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How Writers Get Out of Their Comfort Zone
Nina Amir -- Nonfiction Book Coach Nina Amir -- Nonfiction Book Coach
For Immediate Release:
Dateline: Los Gatos, CA
Wednesday, January 17, 2024


writers need to push past their comfort zone to succeed

You’ve heard the advice: Get out of your comfort zone! Indeed, life takes on a different quality when challenging yourself to go beyond what feels easy now. And if you have writing goals and publishing dreams, you probably realize that achieving them requires stretching past your current competence and confidence levels, and that can feel uncomfortable.

It’s no wonder many writers prefer to remain in their comfort zone—one where things always remain the same, they don’t have to do anything different or hard, and they don’t have to show up big. It’s just…well…comfortable. And comfortable equates to easy.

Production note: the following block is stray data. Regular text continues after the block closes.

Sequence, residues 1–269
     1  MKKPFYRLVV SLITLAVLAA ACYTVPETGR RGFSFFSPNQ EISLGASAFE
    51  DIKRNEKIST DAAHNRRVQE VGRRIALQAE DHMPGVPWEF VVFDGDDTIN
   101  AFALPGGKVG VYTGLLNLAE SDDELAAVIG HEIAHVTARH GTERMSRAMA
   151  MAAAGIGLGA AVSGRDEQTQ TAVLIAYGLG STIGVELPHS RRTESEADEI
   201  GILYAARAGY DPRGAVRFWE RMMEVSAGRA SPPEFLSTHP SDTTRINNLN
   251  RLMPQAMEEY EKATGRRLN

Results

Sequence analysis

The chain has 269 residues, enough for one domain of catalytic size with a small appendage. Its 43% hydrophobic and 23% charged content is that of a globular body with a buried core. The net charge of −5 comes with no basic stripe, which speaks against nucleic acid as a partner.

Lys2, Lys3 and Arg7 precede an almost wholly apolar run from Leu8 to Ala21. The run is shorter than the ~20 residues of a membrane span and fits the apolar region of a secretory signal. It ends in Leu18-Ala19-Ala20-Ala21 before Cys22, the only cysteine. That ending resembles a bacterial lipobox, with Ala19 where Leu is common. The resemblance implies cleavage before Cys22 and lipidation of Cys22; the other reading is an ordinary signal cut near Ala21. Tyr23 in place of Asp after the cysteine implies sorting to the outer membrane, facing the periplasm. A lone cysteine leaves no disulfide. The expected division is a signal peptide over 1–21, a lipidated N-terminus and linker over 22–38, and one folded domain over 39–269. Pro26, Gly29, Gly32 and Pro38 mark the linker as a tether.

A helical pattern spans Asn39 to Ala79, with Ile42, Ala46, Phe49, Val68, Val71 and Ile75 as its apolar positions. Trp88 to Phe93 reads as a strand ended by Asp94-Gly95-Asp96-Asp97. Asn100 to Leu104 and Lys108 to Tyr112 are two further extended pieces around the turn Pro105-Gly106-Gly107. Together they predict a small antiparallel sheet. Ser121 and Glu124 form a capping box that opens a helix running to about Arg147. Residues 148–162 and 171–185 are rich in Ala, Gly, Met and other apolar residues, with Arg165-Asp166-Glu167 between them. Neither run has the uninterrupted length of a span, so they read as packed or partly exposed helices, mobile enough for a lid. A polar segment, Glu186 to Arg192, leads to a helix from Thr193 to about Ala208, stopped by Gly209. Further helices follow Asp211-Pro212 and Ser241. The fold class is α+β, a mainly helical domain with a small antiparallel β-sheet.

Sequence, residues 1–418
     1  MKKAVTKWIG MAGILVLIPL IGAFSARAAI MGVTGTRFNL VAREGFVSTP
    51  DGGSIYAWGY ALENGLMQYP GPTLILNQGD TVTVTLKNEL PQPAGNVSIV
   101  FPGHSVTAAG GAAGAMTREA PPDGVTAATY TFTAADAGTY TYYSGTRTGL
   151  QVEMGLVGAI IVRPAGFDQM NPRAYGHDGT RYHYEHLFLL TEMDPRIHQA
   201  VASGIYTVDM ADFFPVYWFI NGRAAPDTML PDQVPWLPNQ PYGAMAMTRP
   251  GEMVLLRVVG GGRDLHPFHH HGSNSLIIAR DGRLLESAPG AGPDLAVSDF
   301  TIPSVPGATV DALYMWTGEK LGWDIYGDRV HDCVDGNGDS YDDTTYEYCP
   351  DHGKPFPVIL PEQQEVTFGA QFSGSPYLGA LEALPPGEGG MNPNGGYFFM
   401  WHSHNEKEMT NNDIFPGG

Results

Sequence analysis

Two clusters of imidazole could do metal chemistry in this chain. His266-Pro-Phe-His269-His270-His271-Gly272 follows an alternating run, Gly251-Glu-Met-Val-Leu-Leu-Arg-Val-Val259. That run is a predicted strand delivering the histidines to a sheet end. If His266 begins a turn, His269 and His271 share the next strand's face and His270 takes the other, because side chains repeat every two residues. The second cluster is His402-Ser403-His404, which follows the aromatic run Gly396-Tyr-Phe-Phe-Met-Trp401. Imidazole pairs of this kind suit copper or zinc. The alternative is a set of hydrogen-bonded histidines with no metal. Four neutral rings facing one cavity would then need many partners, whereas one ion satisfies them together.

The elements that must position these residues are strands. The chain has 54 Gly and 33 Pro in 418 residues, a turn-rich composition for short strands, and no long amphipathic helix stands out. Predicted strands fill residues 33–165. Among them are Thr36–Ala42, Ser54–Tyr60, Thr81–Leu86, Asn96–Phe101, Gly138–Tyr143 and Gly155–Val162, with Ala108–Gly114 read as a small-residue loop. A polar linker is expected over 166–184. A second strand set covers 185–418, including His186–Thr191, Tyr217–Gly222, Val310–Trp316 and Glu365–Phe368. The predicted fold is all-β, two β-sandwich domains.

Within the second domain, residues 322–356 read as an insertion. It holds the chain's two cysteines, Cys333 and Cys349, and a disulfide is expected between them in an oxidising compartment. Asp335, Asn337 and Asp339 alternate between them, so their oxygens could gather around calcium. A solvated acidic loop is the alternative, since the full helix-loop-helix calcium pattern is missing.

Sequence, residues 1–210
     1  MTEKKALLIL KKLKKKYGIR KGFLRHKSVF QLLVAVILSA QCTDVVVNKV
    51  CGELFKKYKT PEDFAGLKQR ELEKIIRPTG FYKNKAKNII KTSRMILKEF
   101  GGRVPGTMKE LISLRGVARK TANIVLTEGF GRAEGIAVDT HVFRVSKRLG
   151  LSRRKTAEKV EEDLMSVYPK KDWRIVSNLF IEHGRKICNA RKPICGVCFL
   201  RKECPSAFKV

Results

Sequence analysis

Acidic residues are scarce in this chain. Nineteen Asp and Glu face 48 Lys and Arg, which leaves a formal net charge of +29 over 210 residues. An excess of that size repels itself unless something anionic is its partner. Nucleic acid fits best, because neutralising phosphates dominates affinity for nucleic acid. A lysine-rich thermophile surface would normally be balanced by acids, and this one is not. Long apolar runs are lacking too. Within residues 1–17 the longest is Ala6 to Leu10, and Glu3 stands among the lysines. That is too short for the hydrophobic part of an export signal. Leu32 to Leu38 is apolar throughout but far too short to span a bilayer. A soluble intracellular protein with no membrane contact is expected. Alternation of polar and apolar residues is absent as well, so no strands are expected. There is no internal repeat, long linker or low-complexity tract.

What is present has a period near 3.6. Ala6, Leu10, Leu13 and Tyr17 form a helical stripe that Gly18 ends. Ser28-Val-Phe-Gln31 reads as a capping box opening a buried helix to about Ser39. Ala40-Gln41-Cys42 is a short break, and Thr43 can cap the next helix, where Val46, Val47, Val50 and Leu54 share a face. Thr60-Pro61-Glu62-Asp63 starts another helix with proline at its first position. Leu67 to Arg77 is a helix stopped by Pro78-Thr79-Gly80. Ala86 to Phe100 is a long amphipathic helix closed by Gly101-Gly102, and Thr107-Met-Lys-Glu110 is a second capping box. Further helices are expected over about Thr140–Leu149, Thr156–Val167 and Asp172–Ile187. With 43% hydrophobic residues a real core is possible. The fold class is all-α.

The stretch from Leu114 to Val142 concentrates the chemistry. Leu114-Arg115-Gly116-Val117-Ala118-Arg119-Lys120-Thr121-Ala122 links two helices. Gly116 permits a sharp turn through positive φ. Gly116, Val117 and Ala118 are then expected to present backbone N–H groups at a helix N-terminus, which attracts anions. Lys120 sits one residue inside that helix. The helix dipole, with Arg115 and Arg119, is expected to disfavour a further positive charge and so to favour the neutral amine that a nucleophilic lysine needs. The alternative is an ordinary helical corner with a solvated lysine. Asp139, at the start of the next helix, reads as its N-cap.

Most of us like easy, right?

But remaining in that comfortable state is a long-term writing and publishing plateau existence. You may have worked hard for the comfort you enjoy, and you should enjoy it! But there’s more to a writing life past that point. There’s another publishing peak to ascend.

You know that. You feel it.

That’s your soul whispering to you…even pushing you…to do and be more…to fulfill your potential as a writer and author.

You probably already realize that you are meant for more. And something more exists for you…if you push past the plateau and give up the comfortable writing life.

Credit Yourself for Creating Comfortable

Comfortable is an achievement for sure. So be sure to give yourself credit for creating comfortable. Unfortunately, many writers never get to that point. Instead, they remain caged and struggle to alter their circumstances and achieve higher levels of success.